Hypoadrenocorticism (HA) is a deficiency of the adrenal cortex to produce mineralocorticoids and glucocorticoids. Aldosterone is responsible for potassium excretion, sodium retention and water reabsorption. Cortisol has a catabolic effect on lipids and proteins, stimulates gluconeogenesis, promotes water retention and has anti-inflammatory effects. Glucocorticoid release is controlled primarily by adrenocorticotropic hormone (ACTH) secretion from the anterior pituitary gland. And aldosterone is under the regulation of renin and serum potassium levels.
The prevalence of HA among dogs is not common, and very rare in cats; however, owing to its famous nickname as “the great pretender,” it is possible it occurs more frequently than it is diagnosed. The two main types of HA are primary and secondary HA. Primary HA results when there is a deficiency with the adrenal glands themselves. Idiopathic adrenocortical atrophy is the most common cause of primary HA in dogs and thought to be immune mediated in origin. Other causes of primary HA in dogs includes: iatrogenic secondary to mitotane and trilostane use, and very rarely adrenal infarcts, adrenal tumors and adrenal amlyoidosis. Secondary HA is defined as deficient production and secretion of ACTH which results in atrophy of the adrenal cortices. What distinguishes secondary from primary HA is that ACTH has very little effect on mineralocorticoid secretion and oftentimes, aldosterone function remains normal. A state of glucocorticoid only deficiency is termed “atypical Addisons.”
Breed predilection for HA is well known and includes Great Danes, Portuguese water dog, rottweilers, standard poodles, West Highland white terriers, and soft coated Wheaton terriers, although many other breeds have been reported to develop HA. Age of onset has a wide range from two months to 14 years with the median age range being 4–6 years of age. Approximately 70 percent of dogs with HA are female.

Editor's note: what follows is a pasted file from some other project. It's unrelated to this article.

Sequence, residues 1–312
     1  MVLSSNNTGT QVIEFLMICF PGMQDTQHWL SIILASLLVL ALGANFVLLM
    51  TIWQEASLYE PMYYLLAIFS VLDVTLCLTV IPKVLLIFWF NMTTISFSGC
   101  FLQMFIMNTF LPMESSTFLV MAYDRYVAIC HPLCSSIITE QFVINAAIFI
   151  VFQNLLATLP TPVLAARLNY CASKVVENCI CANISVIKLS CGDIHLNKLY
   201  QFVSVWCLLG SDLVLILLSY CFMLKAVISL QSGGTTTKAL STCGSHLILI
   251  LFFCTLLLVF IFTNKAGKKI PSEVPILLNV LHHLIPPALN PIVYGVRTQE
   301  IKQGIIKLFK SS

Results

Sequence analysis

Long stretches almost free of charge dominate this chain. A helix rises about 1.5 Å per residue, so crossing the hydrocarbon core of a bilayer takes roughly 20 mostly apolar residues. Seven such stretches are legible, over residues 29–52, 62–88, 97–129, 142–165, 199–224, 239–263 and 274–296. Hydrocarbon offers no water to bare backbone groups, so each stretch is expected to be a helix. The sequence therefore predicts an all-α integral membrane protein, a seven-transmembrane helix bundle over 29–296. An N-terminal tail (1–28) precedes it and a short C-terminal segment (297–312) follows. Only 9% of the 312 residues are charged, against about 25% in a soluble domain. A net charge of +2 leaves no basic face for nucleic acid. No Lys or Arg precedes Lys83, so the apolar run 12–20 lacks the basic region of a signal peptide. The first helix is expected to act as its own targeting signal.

Clinical signs vary from chronic mild waxing and waning signs of lethargy, inappetance, vomiting and diarrhea, to severe acute cardiovascular collapse with metabolic disturbances. Typical biochemical abnormalities seen include hyponatremia, hyperkalemia, pre-renal azotemia and hypoglycemia. Hemogram abnormalities can include hemoconcentration or mild anemia (secondary to gastrointestinal hemorrhage), leukocytosis characterized by a lymphocytosis and eosinophilia. Given these changes, it is easy to see how HA can be mistaken for primary renal disease or gastrointestinal disease. Even the pre-renal azotemia can be somewhat tricky to discern. Dogs with HA have such a low medullary gradient that it makes it more difficult for them to maximally concentrate urine, thus they may have a urine specific gravity <1.030. Thoracic radiographs in cases of acute cardiovascular collapse may show microcardia with a small caudal vena cava suggestive of hypovolemia. Abdominal ultrasound will typically reveal smaller than normal adrenal glands but since size varies greatly with the size of the dog, the sonographer must be comfortable in interpreting these measurements.
In an acute setting, taking clinical signs with bloodwork abnormalities may be the only way to make a presumptive diagnosis while waiting for endocrine test results. It has been long held that a Na/K ratio less than 27 is suggestive of HA. But recent studies suggest that the sensitivity of the Na/K ratio increases below 24 and when taken with lymphocytosis has a better sensitivity than considering Na/K ratio alone.
ACTH stimulation test is the gold standard for diagnosing HA. The biggest limiting factor is the cost of the synthetic adrenocorticotropic hormone, cosyntropin. Due to the high cost, it has been suggested that 5 mcg/kg dose even for larger dogs will yield valid results compared to using the conventionally used 250 mcg/dog dose. Endogenous plasma ACTH concentration is useful in differentiating between primary and secondary HA. In primary HA, the endogenous plasma ACTH level would be very high, as there is loss of feedback from the adrenal cortex. In secondary HA, the ACTH level would be low. Making this distinction for the purposes of treating HA may not be necessary. However, in the case of an atypical Addisonian, making the distinction might be useful to determine whether the dog will never develop mineralocorticoid deficiency (in the case of a secondary HA), or whether it is still possible they could develop a deficiency as with primary HA.